"a day that will live in infamy" (in a positive way)

Joel S. Berson Berson at ATT.NET
Sat Jun 2 15:42:24 UTC 2012

At 6/2/2012 12:13 AM, Laurence Horn wrote:
>I know I've usually heard it as "a day that will live in infamy",
>and I remember hearing FDR's actual recording (more than once) refer
>to 12/7/1941 as "a date which will live in infamy", but before
>tonight, I've never heard it used in celebration.

One can still hear it on YouTube.

> > [I wrote]
> > 2)  Larry heard it, I didn't.  But was Oejda thinking of the hit that
> > landed on the foul line (a tennis umpire would have run down from his
> > chair to point to the ball mark) but was called foul, thus allowing
> > the no-hitter to continue?  That would make it an "infamous" no-hitter.
> >
>No, Ojeda--who was positively bubbling about the game--didn't
>mention Beltran's chalk-duster.  In fact it didn't come up at all in
>that post-game colloquy on SNY, although it did on ESPN's
>SportsCenter.  (I don't think umpires are allowed to reverse
>fair/foul calls on non-home runs by checking replay the way tennis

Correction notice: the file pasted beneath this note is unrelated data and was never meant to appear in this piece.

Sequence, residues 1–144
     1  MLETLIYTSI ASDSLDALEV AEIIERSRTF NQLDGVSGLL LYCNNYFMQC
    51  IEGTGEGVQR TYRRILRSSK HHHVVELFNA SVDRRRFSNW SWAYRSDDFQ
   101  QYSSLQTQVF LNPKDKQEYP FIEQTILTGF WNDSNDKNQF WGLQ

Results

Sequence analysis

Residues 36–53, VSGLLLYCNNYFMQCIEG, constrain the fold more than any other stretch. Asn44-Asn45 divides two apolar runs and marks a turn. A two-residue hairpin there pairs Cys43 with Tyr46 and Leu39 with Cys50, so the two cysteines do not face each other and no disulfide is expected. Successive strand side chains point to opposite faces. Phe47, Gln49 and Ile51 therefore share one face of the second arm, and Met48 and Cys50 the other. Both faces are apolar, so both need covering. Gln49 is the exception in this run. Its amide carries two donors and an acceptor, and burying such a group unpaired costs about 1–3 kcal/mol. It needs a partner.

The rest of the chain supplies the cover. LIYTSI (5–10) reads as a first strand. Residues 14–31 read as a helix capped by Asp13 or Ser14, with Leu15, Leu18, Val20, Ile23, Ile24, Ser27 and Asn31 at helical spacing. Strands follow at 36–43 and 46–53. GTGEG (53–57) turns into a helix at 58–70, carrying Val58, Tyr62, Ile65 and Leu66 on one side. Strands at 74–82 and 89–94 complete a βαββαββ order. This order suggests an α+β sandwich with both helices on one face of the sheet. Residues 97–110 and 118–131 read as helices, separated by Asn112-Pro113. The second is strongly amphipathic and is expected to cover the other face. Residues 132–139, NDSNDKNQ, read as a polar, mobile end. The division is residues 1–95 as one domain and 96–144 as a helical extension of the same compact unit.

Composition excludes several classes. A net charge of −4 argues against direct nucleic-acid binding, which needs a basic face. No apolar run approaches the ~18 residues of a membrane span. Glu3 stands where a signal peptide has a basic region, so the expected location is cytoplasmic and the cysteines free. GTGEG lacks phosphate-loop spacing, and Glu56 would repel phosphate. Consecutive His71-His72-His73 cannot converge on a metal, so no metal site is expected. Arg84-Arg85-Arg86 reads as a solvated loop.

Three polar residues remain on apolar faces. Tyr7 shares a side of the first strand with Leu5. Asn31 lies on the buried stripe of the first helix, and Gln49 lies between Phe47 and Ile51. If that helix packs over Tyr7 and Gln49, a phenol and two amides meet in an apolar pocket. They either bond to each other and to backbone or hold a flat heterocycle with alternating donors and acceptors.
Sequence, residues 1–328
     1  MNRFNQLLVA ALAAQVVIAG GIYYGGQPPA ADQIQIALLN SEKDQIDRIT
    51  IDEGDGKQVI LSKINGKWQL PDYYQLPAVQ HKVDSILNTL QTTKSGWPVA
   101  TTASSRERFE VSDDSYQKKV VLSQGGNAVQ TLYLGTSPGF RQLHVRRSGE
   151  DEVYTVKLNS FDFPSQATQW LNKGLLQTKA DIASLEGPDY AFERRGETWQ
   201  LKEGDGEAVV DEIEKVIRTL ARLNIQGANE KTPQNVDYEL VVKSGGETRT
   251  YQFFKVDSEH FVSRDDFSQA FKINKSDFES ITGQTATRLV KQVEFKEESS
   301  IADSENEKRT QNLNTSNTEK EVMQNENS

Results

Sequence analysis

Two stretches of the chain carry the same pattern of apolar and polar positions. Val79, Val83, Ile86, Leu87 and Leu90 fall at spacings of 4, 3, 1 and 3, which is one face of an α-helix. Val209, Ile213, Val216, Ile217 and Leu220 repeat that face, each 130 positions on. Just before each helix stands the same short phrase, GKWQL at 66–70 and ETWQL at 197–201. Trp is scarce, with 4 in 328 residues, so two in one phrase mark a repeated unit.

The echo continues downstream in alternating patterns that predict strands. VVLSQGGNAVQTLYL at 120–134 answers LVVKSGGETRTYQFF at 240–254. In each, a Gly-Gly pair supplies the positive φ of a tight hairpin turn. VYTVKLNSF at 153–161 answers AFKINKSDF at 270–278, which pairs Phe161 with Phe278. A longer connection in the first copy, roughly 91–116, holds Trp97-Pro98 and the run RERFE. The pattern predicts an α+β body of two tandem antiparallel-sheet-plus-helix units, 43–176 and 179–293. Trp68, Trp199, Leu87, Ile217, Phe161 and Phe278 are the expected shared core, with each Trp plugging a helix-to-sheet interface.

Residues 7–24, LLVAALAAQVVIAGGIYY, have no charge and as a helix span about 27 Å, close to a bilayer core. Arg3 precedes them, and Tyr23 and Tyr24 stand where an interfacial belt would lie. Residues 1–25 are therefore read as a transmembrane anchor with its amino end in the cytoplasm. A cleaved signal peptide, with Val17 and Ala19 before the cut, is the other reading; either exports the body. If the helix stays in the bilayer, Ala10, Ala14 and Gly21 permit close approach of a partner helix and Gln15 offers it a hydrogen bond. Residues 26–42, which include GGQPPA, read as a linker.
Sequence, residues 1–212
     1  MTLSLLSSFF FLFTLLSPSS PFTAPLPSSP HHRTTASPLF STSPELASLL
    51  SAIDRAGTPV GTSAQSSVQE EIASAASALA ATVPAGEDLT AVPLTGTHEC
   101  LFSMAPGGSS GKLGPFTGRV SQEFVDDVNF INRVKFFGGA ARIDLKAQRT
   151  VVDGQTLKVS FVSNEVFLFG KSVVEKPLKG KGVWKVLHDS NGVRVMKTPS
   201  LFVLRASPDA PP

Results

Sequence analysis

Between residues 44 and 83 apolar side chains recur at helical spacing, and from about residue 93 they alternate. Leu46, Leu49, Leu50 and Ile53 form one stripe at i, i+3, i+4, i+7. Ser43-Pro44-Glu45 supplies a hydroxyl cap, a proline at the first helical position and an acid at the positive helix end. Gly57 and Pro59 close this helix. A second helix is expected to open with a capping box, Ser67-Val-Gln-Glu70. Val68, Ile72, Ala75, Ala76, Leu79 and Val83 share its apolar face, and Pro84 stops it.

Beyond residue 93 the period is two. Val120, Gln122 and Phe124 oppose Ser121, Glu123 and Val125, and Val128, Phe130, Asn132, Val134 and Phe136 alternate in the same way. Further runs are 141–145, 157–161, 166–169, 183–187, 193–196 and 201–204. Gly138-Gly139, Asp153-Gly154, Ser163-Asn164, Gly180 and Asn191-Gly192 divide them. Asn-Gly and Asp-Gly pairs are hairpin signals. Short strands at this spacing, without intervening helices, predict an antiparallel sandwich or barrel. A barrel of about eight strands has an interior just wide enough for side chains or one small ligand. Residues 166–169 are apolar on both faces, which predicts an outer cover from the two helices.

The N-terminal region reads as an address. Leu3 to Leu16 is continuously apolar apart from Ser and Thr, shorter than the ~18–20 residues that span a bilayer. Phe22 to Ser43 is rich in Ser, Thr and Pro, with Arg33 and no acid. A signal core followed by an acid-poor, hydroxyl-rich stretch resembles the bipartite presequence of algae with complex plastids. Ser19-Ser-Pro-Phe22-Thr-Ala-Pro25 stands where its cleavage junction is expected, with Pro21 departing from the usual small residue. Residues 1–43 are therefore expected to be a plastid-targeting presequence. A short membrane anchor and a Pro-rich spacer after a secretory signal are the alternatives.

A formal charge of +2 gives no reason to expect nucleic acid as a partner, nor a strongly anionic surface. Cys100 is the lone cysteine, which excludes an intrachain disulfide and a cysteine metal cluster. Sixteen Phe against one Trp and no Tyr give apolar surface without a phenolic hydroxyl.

>umpires/linespeople can, so the blown call would have stuck.  And
>this one still isn't as infamous as the blown call that led to a
>non-no hitter by that Tigers' pitcher whose name I've already forgotten.)

Thanks, Larry, for clarifying.  As I said, I did not hear Ojeda, but
since I did hear discussion about how the "foul" should have been
called a hit I did wonder.

The infamous call was against Armando Galarraga -- and, with two outs
in the ninth, it spoiled not just a no-hitter but a potential perfect
game.  Wednesday, June 2, 2010.  That call easily and could have been
reversed -- obviously, there was no one on base.


>The American Dialect Society - http://www.americandialect.org

The American Dialect Society - http://www.americandialect.org

More information about the Ads-l mailing list